COVID-19 is taking its toll on the international coffee market. With cafes and restaurants closing or not operating at full capacity, less coffee is being sold. The trickle down effect means growers are struggling even more.

This is particularly bad for farmers in Mexico. According to the U.S. Department of Agriculture, “Eighty-five percent of coffee producers in Mexico are from indigenous populations, with 95 percent of them considered small producers, with less than 3 hectares.”

Coffee markets across the world are being hit by the pandemic becasue people are not dining out as often. (Image: Kathryn Reed)

Mexico is the 10th largest coffee producer in the world, with 3.7 million 60-kilogram bags a year. While coffee is grown in 15 states in Mexico, most of the production comes from Chiapas (41 percent), Veracruz (24 percent) and Puebla (15 percent). Predominately its shade-grown Arabica coffee that is in the ground, with Robusta accounting for about 15 percent of the crop, according to the USDA.

In 2018, the value of exported roasted coffee from Mexico was valued $31.1 million (U.S.). The country is one of the largest exporters of organic-certified coffee in the world. Coffee is one of Mexico’s most valuable exported crops, with most of it going north to the United States.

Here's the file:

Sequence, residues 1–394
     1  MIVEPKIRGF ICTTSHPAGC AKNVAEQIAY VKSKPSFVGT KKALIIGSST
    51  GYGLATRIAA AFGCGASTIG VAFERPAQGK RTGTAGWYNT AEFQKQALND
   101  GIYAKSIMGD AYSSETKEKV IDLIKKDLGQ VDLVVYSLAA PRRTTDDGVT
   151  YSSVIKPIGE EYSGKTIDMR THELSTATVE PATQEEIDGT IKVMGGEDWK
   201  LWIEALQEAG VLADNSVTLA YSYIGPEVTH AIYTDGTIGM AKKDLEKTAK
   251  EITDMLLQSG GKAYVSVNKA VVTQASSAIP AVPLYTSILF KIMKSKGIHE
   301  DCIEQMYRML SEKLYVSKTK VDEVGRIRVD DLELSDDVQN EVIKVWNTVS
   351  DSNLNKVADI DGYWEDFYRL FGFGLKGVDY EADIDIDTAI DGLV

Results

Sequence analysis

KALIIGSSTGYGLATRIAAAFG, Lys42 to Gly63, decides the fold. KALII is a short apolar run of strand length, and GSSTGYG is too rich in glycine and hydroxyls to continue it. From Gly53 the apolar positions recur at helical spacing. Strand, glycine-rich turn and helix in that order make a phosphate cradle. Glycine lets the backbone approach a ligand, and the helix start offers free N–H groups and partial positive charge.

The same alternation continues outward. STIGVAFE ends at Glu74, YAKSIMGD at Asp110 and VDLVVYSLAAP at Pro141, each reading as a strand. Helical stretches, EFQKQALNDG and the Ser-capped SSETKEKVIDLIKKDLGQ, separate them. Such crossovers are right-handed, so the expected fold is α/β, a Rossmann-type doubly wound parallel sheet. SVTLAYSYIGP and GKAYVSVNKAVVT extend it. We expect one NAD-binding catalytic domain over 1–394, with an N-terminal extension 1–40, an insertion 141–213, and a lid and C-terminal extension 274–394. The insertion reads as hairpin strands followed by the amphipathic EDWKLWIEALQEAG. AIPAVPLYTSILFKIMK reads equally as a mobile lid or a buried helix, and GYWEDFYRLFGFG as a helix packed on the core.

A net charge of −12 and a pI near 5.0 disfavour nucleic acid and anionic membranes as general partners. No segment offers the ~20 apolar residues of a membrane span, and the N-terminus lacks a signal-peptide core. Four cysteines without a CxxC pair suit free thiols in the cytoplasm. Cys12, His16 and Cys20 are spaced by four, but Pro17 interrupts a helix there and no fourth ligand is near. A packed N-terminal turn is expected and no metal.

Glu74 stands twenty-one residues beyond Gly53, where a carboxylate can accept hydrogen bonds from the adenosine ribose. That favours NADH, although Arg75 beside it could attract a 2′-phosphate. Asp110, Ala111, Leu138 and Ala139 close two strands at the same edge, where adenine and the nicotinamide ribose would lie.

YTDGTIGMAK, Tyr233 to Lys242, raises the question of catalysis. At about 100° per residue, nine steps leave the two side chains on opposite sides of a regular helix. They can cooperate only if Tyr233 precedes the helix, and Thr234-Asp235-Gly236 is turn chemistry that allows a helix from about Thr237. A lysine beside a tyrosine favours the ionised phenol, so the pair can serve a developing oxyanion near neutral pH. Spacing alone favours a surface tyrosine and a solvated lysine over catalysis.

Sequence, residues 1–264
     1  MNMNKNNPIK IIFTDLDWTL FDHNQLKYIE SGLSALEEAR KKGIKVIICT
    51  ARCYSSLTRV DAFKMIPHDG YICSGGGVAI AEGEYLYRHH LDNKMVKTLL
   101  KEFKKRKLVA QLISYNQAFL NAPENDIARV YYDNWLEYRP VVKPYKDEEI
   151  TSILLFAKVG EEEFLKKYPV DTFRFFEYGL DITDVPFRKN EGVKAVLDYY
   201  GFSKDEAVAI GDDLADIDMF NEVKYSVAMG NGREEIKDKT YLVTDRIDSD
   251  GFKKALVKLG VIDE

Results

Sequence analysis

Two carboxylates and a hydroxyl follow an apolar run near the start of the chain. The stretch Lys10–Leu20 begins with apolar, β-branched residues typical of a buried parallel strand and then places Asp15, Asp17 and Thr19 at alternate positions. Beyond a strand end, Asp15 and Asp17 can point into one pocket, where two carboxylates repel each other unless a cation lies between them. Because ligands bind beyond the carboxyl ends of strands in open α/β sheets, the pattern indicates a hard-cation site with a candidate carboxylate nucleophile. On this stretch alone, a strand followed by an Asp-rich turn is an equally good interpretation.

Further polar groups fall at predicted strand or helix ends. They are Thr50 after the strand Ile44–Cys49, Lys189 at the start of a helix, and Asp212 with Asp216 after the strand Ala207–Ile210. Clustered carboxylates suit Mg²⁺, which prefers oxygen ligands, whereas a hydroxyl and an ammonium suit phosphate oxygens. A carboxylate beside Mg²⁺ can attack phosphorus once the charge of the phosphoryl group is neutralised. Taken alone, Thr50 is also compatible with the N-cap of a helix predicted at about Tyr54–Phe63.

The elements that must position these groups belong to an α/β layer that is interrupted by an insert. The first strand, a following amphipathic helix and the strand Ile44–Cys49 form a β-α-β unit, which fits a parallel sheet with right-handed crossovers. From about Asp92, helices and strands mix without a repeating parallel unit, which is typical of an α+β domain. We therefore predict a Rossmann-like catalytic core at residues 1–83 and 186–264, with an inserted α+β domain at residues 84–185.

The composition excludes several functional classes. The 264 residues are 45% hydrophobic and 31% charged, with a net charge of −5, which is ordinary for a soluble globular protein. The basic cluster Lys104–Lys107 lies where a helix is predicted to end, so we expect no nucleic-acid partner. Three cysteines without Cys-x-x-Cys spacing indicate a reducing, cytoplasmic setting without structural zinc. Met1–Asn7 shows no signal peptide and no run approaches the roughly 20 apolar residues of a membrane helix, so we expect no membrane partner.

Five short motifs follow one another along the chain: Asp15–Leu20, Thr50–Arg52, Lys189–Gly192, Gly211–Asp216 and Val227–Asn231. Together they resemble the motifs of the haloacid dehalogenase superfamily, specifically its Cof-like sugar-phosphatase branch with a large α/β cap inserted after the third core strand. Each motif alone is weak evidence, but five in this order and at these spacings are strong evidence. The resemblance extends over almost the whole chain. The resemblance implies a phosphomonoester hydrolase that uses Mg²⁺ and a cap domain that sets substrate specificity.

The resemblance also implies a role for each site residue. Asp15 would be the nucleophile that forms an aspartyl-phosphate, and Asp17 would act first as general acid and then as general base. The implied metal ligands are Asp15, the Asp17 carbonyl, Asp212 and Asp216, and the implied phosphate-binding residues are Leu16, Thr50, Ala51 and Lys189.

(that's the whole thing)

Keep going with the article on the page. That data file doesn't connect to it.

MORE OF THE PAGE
However, the International Coffee Organization (ICO) said shipments from Central America and Mexico declined by 4.9 percent to 8.77 million bags from October 2019 to April 2020. For the most part, this was prepandemic, so numbers are likely to only get worse.

“World coffee consumption is expected to decrease by 0.5 percent to 167.81 million bags as the COVID-19 pandemic continues to put pressure on the global economy and greatly limits out-of-home coffee consumption. As a result, coffee year 2019-20 is seen ending in a surplus of 1.54 million bags,” according to the ICO.

The U.S. Department of Agriculture also has a dim forecast for coffee producing nations because of the current health crisis.

“COVID-19 effects are expected to stunt consumption growth, as restaurants and cafes around the country are closed, stymying government and specialty producer efforts to increase consumption of high-value Mexican coffee that has been gaining increasing popularity in urban cafes,” the USDA said.

Coffee has been a part of Mexican culture since it was first brought to the country in the 1700s by Europeans.

Even in Mexico, Starbucks is the king of the coffee shop market. There are 10 locations in Baja California Sur. In 2019, Starbucks had 50 percent of the market, followed by Café Punta de Cielo (11.6 percent) and Italian Coffee (10.6 percent).

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